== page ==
They both translate into "experience" in English.
"Ein Erlebnis" is something you experience, like an event:
It is from "erleben", which means to experience something. It typically describes exciting things. The mentioned voyage was definitely not boring. This does not necessarily mean it was good, though without further explanation, it is likely positive.
"Eine Erfahrung" (note the article) is similar to an Erlebnis, but more neutral. It typically means that you gain something from it:
This voyage may have been a pleasure and there was a lot to see, but it might not have been exciting. Maybe it was, but the sample sentence does not mention it.
It is from "erfahren", which means to experience something, not only in the sense of "erleben", but also like getting something personally (be it positive or negative):
However, "Erfahrung" (this time without an article) is also experience in general, i.e. your knowledge or expertise (and also experience in role playing games):
The area to which this knowledge or experience applies can be limited. For example, if you made a few flights with a specific airline and are generally satisfied, you can say:
In this case, you can also use the plural to emphasize that it happened more than once, but the meaning is still the same. This should not be confused with having had a single good Erlebnis:
If you try to find out something, you can also say:
Of course, you can also say that you got the information:
You're right, both words mean "experience" in English, but with different connotations.
I'd put it this way. An Erlebnis is a special Erfahrung; it's like a little adventure. It can be good ("schönes Erlebnis") or bad ("schlechtes/böses/schlimmes Erlebnis"). It's a much stronger, vivid experience than just an "Erfahrung."
It's worth mentioning that the word "Erfahrung" has two meanings (like in English):
I would say the main difference is a time-related one.
"Erlebnis" is more like an event, it happens in a very narrow time frame; and usually only once. As mentioned above, it derives from "erleben". Leo.org gives a nice and close translation for erleben: "live to see".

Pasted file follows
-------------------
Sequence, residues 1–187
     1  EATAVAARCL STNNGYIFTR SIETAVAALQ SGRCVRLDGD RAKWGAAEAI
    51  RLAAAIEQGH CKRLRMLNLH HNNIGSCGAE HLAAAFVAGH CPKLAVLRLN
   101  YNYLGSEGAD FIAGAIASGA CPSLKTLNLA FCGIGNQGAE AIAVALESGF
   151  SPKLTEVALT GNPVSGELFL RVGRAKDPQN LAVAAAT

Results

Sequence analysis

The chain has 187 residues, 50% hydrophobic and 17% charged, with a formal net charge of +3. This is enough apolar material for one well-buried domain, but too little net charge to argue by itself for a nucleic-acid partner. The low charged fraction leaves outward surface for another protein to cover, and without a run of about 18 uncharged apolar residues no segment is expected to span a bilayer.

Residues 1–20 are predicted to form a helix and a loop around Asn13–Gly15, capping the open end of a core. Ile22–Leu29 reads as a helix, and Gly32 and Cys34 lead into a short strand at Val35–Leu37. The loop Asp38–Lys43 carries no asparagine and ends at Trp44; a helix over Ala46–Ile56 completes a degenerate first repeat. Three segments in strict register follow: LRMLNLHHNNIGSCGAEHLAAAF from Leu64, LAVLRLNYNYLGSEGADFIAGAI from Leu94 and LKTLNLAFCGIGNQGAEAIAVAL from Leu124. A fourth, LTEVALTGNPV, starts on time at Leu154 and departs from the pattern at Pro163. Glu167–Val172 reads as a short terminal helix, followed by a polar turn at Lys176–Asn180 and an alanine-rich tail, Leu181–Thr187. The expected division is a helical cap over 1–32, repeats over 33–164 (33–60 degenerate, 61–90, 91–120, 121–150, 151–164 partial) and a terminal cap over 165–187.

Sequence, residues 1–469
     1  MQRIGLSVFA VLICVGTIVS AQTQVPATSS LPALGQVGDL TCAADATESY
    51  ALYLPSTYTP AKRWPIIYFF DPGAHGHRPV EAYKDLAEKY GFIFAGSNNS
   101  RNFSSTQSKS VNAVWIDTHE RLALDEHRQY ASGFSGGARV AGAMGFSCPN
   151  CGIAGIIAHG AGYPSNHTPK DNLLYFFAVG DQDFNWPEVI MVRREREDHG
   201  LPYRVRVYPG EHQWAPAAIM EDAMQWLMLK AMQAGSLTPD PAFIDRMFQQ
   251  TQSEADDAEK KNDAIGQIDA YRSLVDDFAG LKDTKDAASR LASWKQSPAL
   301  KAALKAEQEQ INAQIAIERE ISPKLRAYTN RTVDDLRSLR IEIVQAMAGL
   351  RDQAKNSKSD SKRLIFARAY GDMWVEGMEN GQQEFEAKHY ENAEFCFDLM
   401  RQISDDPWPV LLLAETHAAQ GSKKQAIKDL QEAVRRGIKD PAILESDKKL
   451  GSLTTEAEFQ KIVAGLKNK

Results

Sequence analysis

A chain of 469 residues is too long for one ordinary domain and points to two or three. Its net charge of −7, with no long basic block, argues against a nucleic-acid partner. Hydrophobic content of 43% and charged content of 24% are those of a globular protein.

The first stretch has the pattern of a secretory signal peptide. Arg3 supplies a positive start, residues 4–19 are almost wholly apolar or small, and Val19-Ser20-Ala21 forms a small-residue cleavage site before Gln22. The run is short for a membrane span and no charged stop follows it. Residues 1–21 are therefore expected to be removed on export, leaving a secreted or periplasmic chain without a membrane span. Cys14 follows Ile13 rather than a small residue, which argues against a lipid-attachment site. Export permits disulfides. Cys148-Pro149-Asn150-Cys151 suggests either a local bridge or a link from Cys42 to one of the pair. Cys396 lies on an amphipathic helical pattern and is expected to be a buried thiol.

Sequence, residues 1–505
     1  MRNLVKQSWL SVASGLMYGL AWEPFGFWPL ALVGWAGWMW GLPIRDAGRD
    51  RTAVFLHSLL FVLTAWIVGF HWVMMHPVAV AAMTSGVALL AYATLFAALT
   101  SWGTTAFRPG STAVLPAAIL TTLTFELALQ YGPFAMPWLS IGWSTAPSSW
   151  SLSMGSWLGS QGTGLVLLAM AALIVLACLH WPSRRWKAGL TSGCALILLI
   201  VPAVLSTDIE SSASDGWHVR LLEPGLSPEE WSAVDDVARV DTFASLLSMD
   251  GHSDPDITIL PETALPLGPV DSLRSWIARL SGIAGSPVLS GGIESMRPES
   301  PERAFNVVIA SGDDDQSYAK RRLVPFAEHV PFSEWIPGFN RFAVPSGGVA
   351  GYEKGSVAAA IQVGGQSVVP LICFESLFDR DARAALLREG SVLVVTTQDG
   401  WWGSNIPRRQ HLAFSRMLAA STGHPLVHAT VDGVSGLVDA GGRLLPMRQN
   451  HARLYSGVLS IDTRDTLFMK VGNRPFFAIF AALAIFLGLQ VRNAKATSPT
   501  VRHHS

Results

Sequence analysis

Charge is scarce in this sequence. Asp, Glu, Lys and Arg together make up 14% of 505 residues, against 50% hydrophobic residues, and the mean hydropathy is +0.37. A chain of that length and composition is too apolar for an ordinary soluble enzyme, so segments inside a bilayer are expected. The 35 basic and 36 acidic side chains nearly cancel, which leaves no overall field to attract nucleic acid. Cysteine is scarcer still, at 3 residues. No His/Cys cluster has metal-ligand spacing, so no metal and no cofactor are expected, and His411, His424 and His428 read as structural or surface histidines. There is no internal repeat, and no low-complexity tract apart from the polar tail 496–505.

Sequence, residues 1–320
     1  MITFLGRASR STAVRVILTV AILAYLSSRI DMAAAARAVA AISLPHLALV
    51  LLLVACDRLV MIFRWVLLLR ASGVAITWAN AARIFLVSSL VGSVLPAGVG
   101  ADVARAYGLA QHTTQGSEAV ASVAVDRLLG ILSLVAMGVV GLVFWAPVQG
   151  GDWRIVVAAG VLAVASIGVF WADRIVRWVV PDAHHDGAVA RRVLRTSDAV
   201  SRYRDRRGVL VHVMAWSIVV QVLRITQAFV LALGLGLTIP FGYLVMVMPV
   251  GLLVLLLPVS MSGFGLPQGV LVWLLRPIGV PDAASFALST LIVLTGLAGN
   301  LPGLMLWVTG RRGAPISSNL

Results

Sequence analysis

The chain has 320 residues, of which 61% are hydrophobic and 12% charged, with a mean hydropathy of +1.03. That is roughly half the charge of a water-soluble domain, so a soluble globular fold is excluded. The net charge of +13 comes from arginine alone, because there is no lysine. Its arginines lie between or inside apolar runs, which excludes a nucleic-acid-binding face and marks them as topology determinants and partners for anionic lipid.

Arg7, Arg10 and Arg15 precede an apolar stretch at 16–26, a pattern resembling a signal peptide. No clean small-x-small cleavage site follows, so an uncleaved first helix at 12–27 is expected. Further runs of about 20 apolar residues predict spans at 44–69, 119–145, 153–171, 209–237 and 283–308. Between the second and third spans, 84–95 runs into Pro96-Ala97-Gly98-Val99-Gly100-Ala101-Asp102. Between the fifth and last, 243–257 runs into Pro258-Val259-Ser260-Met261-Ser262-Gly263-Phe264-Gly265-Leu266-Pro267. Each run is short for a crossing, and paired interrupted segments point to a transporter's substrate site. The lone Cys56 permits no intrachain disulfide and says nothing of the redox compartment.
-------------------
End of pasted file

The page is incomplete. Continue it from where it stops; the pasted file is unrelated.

So, Erlebnis focuses more on the occasion, the underlying event or the thrilling happening. (But with a more personal view than "Ereignis" - "Erlebnis" really suggests there is someone who "lived" through that event.)
"Erfahrung" is much more a long-term concept. "erfahren" also means "gaining knowledge", so from an "Erfahrung" you'll usually learn something or at least get a memory that won't go away. (and, as splattne has already mentioned, it also refers to the knowledge itself, something you can't learn from books but only from life.)
So Erfahrung focuses on what stays from an event. It's also more likely to be used in a negative way, as in "well, this wasn't really nice to endure, but at least we've learned something from it."
"They both translate into "experience" in English." But "Erfahrung" is in the long term, and "Erlebnis" is in the short term.
The root word of "Erfahrung" is "fahren," which means to "travel." The kind of "experience" you get in that context is accrued over a long time, like work experience.
The root word of "Erlebnis" is "leben," which means to "live." In this case, you "live" through an "experience, typically over a short period of time.
An Erlebnis is just something that you have experienced. For example
It just means that you have experienced it once but it doesn't say anything about you being able to eat with chop sticks.
When you say that you have Erfahrung with eating with chopsticks, it will mean that you have done it before and that you know how to do it.
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